The approval of the highly contested, additional $2.5 million in state Chapter 70 funds for the school budget, has been referred to the School Finance Review Committee by the City Council.
A motion to have Mayor Carlo DeMaria appear before the Council to discuss the funding was on the Council’s agenda Monday night.
“We have no authority to put money into the budget,” said Councilor-at-Large John Hanlon. “The Committee on School Finance is where it belongs.”
The School Finance Review Committee is scheduled to meet on Thursday, Nov. 1, at 5:30 p.m. in the City Council chambers at City Hall to take up the issue. That committee consists of members of the Council and School Committee as well as school administrators and city finance personnel. Any vote to potentially release the monies from City Hall to the School Department couldn’t come until after Nov. 13, Mayor DeMaria said after the meeting.
Last week, Sen. Sal DiDomenico met with the School Committee regarding the $2.5 million he secured in the state’s Supplemental Budget for the School Department.
The money was identified at the State House to go to Chapter 70 Schools aid with the purpose of alleviating the Everett School Department’s budget crisis, in particular that which came about due to the changes in definition of low-income students.
During the public participation portion of Monday night’s Council meeting, several school administrators addressed the need for those additional funds.
Assistant Supt. Kevin Shaw appeared before the Council and said the money is needed to help cut class sizes.
“Where will that money be allocated?” he said. “To hire teachers to reduce our class sizes.”
Administrators have met to determine the critical staffing needs and break down where teachers are needed, Shaw said.
If the Chapter 70 funds are approved, it will mean the hiring 18 general education and four special education teachers, one English Language Learner teacher, and six paraprofessionals across the district.
“We can put back the teachers fast for our students and bring back teachers who have been laid off, and we will have better class sizes,” said Shaw.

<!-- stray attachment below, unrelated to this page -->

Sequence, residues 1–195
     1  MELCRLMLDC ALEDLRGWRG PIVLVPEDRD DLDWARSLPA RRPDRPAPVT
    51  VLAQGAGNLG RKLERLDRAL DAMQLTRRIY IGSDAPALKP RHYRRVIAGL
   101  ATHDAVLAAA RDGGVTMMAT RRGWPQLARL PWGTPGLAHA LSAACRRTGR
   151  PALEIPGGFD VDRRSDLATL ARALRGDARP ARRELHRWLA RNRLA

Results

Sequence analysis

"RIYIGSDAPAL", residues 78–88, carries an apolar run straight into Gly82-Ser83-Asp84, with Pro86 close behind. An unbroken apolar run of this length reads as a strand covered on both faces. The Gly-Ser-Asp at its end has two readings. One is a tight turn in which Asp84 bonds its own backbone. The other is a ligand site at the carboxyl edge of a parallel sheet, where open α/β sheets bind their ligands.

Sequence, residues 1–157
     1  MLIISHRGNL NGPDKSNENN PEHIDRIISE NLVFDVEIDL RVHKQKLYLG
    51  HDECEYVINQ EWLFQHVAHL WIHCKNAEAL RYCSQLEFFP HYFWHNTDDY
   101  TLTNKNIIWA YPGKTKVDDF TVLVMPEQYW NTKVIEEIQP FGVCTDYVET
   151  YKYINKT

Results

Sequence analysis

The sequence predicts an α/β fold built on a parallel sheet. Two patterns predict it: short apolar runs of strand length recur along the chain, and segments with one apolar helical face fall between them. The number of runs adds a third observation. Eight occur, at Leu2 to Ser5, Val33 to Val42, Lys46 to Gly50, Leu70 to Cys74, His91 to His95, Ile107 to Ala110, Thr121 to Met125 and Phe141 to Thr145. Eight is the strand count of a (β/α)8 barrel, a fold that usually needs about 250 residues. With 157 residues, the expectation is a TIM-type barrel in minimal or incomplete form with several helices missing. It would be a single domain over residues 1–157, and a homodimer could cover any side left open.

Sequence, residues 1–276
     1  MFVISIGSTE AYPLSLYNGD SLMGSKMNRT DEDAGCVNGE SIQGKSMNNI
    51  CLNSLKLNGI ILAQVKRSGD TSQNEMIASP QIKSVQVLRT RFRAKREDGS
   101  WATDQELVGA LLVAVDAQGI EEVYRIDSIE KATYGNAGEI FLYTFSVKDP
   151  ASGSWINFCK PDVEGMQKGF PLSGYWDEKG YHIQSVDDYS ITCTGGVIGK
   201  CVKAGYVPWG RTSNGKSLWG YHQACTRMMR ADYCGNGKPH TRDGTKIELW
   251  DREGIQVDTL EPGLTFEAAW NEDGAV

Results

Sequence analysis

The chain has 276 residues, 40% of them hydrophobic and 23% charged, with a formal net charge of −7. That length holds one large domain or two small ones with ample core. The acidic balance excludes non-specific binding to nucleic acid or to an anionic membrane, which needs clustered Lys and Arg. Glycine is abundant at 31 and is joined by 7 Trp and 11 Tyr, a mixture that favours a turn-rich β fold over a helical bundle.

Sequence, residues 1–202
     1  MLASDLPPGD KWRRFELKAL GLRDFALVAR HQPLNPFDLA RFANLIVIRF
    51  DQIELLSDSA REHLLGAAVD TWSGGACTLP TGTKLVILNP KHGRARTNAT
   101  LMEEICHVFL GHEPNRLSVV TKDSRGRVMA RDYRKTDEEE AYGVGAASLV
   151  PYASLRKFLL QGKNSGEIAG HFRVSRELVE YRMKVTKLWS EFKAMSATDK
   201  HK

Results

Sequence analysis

Only Council President Peter Napolitano and Councilors Fred Capone and Michael McLaughlin voted for the matter to go to a Council of the whole meeting and not the School Finance Review Commission.
“I see this as nothing more than a decision to kick the can down the road on $2.5 million that Sen. Sal DiDomenico got in additional Chapter 70 funding this year,” said McLaughlin. “We had the opportunity on Tuesday morning of this week to lower class room sizes at no additional cost to the taxpayers, yet it is sent to this make-believe School Committee at City Hall known as the School Finance Review Committee. I strongly believe this action helps no one, and just delays bringing teachers back to the classroom.”
- In other business Monday night, the council approved this year’s $9.38 million Capital Improvement Plan (CIP).
On the heels of a recent council Ways and Means Committee meeting, there was more debate on whether to hold another special meeting on the issue or to take the vote than there was on the appropriation itself. Councilors seemed swayed by the assurances of Eric Demas, the city’s chief financial officer, that the debt payment on the CIP would have zero impact on the fiscal year 2019 budget. He said the first payment would not take place until six months after the debt issuance.
The CIP passed by a 10-1 vote, with President Peter Napolitano voting against.
The CIP is a regular spending item that focuses on capital improvements like refurbishing parks, buying streetlights, investing in municipal buildings and completing special projects.
This year’s CIP looks at investing in similar infrastructure projects.